White House refuses to support Armenian Genocide resolution adopted by US Congress
The administration of US President Donald Trump has rejected the Senate’s resolution to recognise the Armenian Genocide in the Ottoman Empire in 1915.
Resolution 150 was passed on December 12 by the US Senate, several weeks after the resolution was passed by the House of Representatives.
After a five-day silence, the State Department said that “the position of the US administration remains unchanged” and that the historical events of 1915 will continue to be considered precisely as “mass killings.”
The reaction in Armenia has been tempered: both officials and experts see no reason for concern, noting the recognition of genocide is a long process, and that achievements towards this end have already been made this year.
The Armenian Genocide refers to the massacre of Armenians in Ottoman Turkey in between 1915–1922. Before that, about two and a half million Armenians lived on the territory of the Ottoman Empire. As a result of the killings and mass deportation, more than half of them died.
The tragic events in the Ottoman Empire at the beginning of the last century have been recognized as genocide and condemned by influential international organizations, including the Council of Europe, the European Parliament, the World Council of Churches and most countries of the EU, Argentina, Russia, Uruguay, Lebanon and others.
Turkey categorically denies that what took place was a genocide.
Great massacre or genocide?
State Department spokeswoman Morgan Ortagus said on December 17:
“The position of the [US] administration has not changed. Our views are reflected in the president’s decisive statement on this topic in April.”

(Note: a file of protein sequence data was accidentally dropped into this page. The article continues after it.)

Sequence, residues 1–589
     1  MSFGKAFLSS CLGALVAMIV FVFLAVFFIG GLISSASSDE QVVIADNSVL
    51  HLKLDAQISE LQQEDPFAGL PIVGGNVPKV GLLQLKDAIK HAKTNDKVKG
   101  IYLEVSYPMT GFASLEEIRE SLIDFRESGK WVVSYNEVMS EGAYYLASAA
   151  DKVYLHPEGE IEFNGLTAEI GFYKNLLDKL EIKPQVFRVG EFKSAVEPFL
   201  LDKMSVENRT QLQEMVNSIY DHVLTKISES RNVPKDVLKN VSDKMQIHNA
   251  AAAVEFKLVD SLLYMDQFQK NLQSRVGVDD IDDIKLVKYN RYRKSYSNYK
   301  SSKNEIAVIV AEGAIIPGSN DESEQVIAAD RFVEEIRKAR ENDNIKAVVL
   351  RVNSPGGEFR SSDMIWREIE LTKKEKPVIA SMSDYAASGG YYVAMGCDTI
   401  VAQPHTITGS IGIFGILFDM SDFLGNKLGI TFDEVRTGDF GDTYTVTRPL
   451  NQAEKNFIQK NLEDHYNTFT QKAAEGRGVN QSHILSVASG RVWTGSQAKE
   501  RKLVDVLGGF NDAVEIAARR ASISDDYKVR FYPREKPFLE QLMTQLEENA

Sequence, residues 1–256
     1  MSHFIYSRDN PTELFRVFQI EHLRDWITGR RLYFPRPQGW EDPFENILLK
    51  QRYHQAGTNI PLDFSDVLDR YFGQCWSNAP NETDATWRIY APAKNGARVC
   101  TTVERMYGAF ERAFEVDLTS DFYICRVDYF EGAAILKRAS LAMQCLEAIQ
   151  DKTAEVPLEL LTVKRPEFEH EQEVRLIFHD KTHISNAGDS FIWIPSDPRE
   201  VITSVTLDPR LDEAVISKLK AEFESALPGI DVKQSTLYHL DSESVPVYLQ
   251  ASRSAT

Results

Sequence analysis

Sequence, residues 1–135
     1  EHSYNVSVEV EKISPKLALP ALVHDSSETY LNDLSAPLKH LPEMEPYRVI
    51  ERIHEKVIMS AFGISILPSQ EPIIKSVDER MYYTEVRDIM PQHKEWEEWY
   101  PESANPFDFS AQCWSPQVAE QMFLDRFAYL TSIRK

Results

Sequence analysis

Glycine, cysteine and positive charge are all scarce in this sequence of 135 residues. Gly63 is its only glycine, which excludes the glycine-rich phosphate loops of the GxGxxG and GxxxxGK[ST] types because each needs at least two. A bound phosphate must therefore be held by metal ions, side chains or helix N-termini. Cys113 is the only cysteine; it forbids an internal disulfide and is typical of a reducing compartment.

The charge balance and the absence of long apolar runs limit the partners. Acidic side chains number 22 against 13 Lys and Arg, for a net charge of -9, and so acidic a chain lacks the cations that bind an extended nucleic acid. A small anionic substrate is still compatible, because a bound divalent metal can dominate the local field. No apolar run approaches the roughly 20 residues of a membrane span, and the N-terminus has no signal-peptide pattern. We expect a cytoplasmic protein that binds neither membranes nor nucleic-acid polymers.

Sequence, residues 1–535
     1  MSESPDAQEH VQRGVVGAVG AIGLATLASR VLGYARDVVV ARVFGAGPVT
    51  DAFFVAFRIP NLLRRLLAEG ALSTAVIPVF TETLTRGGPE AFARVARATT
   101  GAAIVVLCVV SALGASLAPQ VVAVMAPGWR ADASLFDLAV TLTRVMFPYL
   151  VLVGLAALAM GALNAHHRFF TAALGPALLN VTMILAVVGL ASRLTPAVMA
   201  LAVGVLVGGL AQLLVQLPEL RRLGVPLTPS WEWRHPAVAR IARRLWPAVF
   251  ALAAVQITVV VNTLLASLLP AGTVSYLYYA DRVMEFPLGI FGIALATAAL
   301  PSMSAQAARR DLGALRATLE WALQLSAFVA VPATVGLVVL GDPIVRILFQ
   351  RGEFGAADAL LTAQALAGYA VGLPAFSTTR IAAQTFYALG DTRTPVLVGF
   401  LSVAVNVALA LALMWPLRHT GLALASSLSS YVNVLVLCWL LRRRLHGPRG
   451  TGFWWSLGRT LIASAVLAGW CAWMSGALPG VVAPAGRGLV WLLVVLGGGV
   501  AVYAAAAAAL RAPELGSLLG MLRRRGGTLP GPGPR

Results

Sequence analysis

April 24 is the Day of Remembrance of the Victims of the Armenian Genocide. Every year, Armenians await the speech of the US president, expecting the word ‘genocide’ to be pronounced; this has yet to happen.
In April 2019, US President Trump called the events of 1915-1922 “one of the worst mass atrocities of the twentieth century.” He used, like his predecessor George W. Bush, the Armenian words “Mets eghern” [Great Massacre], but avoided the word “genocide”.
Reactions in Armenia – cool heads prevail
National Assembly Foreign Relations Chairman Ruben Rubinyan said “first of all, it should be noted that both houses of the US Congress recognised and condemned the Armenian Genocide.”
“Of course, it would be nice if the US Department of State immediately changed its position and brought it into line with the position of Congress … But I think we should take into account the fact that the recognition and condemnation of the Armenian Genocide was a long process. We must look at how many years have passed in the case of the Congress itself until we received this recognition.”
Political scientist Suren Sargsyan
on his Facebook page wrote:
“Trump is the only president in the last 30 years who has promised nothing to the Armenians, and therefore who has not tricked them. He did not talk about genocide at all after the two resolutions of Congress. The US Embassy in Turkey said that the position of the administration has not changed as a result of the adoption of resolutions. The position of a single administration has not changed over the past 40 years.
“In the House of Representatives, he not only did not interfere, but supported the adoption of the resolution. At the request of the White House, a total of three vetos was imposed, but temporarily. The first time this was done, since Erdogan was still in Washington [ed. when Trump and Erdogan met in November], the next two times because they tried to agree with the Turks on a certain topic, but this did not succeed.”